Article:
Both of the above clinical uses are laughable as a non-surgical therapeutic measure. Clinics and surgical centers that utilize SNRB either lack clinical judgment or have planned to squeeze as much money out of you. It is just that simple. Here is how the shameless do this procedure:
- Once ready, they will take you into an operating room or a surgical unit where a surgical team (surgeon, radiologist and sometimes anesthesiologist and few surgical nurses) is waiting for your arrival
The Facet Joint Block: Avoid this useless slip-disc procedure at all costs
Facet Joint Injection or block is the spine surgeon’s Golden Goose for those diagnosed with facet hypertrophy or arthritis. It is better for them and not you. This little injection touted as a slip-disc medication has made millions for spine surgeons and surgical centers that offer them. It has little to no value clinically. But, yet so many doctors and surgeons are busy injecting the poor slip-disc patients with these harmful and useless poisons. We wonder if they would do the same to their daughters, sons, mother, father or wife. Of course not, they know the harmful effects.
A facet joint block injection better referred to as a facet block, or a facet injection is often performed for the lumbar but can be done for the neck and upper back of unsuspecting slip-disc patients. This useless procedure is for those diagnosed with a facet joint issue or back pain. Here is the procedure:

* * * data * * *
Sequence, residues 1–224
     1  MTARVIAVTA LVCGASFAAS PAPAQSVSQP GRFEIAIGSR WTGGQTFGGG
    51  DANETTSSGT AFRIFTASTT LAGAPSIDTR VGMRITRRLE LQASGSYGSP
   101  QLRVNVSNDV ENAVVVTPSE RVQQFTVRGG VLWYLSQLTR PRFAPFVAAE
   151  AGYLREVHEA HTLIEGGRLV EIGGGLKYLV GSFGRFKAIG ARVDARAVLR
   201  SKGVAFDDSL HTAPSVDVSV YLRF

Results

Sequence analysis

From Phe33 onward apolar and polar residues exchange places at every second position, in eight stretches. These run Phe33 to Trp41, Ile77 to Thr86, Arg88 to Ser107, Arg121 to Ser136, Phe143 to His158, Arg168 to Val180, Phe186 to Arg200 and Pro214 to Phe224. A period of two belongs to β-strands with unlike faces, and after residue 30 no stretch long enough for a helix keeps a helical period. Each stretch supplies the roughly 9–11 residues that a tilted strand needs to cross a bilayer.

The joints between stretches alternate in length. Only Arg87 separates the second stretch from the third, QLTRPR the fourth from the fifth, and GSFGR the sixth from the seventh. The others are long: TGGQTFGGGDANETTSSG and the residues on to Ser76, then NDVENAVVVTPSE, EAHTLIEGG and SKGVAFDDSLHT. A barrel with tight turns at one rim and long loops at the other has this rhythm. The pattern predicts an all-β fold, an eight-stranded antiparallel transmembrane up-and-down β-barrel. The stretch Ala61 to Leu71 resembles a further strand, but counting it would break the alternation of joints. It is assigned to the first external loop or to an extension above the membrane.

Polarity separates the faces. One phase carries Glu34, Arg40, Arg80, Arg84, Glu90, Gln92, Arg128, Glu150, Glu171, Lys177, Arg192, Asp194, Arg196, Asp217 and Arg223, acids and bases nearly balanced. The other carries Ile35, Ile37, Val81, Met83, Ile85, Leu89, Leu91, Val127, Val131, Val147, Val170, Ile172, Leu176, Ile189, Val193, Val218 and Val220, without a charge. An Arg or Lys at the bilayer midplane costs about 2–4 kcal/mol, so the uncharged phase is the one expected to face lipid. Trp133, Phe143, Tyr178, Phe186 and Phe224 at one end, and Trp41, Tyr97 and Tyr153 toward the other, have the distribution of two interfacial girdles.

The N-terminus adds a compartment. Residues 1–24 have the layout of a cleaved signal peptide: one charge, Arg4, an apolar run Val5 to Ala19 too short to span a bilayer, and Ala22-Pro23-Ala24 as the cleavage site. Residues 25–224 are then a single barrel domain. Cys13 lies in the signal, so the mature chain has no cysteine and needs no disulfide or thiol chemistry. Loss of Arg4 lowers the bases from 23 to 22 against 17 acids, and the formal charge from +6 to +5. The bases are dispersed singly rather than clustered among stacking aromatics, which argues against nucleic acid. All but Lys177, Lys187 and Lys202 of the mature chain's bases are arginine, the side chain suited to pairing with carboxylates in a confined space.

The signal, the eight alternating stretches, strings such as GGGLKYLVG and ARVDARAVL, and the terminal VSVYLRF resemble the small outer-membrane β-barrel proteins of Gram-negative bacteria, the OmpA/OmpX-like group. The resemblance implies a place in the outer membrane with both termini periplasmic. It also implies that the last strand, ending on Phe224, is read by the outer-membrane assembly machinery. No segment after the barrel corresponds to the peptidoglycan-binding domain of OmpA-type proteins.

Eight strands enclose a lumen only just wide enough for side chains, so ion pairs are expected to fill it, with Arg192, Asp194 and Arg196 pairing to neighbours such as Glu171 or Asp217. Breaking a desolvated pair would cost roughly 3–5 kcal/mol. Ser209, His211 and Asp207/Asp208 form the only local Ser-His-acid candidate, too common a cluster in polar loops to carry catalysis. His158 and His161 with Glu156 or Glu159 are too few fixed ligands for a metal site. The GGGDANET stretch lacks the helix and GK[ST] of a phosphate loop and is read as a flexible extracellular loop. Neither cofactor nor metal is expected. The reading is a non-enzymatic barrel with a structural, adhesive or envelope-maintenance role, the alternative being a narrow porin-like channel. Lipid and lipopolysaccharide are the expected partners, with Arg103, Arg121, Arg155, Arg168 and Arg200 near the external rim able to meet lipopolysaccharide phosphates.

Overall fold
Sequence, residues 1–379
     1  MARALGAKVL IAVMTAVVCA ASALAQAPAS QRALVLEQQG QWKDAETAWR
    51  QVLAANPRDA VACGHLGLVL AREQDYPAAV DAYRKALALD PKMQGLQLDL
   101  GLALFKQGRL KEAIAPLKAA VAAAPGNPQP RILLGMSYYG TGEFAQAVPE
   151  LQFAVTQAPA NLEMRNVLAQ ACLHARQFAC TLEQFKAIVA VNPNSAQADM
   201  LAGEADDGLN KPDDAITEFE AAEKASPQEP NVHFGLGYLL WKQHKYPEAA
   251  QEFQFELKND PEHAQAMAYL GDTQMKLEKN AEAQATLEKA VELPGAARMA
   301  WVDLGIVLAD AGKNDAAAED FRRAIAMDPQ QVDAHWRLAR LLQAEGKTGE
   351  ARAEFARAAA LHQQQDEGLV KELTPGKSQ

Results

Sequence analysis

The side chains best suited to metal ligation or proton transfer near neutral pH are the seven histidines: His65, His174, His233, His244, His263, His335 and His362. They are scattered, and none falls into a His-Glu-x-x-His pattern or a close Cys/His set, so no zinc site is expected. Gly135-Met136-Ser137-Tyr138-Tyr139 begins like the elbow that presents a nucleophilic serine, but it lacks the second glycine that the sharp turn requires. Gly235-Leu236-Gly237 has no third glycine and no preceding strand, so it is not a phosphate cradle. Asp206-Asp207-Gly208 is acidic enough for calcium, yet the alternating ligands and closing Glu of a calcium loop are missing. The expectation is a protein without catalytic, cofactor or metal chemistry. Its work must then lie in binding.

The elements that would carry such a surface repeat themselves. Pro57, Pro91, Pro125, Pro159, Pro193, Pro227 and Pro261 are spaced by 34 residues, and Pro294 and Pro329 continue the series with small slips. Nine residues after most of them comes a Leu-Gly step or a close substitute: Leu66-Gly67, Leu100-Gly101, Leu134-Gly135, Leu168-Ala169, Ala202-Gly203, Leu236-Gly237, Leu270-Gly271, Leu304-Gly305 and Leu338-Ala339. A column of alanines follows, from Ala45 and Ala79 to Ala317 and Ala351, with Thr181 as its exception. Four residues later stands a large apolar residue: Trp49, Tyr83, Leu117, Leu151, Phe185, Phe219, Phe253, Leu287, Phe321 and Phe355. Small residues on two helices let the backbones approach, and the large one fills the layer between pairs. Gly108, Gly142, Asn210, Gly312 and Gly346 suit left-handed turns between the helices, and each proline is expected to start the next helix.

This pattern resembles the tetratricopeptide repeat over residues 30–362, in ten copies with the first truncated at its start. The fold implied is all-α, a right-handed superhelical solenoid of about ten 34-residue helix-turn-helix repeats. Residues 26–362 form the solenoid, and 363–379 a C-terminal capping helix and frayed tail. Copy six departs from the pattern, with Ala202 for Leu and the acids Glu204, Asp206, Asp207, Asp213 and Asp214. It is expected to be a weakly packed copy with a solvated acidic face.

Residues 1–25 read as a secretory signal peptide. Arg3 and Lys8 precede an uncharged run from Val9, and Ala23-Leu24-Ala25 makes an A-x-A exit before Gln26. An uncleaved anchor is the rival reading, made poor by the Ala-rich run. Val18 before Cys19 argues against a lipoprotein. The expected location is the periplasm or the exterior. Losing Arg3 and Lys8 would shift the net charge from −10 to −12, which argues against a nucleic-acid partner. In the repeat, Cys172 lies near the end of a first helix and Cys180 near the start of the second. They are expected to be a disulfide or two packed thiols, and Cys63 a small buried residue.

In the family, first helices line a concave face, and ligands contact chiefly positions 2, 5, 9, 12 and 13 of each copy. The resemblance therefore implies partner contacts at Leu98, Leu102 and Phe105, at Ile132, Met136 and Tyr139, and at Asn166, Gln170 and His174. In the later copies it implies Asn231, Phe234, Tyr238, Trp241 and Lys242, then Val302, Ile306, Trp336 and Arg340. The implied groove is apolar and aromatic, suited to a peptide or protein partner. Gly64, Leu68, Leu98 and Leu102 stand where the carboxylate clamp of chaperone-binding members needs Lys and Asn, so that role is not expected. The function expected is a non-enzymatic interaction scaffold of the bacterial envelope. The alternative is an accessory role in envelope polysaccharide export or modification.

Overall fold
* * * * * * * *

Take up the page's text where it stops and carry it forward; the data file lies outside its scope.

- You will be brought into a procedure room (often a semi-surgical room)
- Most surgical centers and hospitals will place you on an IV line (Drip)
- They will numb the area of injection, once ready they will insert the long needle into your spine under x-ray guidance (fluoroscopy) where they will inject a dye into the area to assert the surgeon of the proper site
- Once confirmed, they inject the steroid into your joint
- The will continue to do the same for the opposite side and may need to repeat this at multiple segments
Can Medication Fix Slip-Disc? Learn about the Medication Given in a Facet Joint Block
A facet block or facet injections are useless because they do not fix the cause of your pain. Facet blocks only desensitize (dumbs) your nerves. But, the worse are the two types of complications:
- Major complications
- Minor issues
Major complications of a Facet Joint Block given to a slip-disc patient include the following:
- Major infections
- Nerve Damage
- Spinal Cord Damage
- Worsening of pain leading to excruciatingly severe symptoms
- Infections (Infectious complications including but not limited to endocarditis, epidural abscess, septic arthritis and meningitis following a facet joint injection)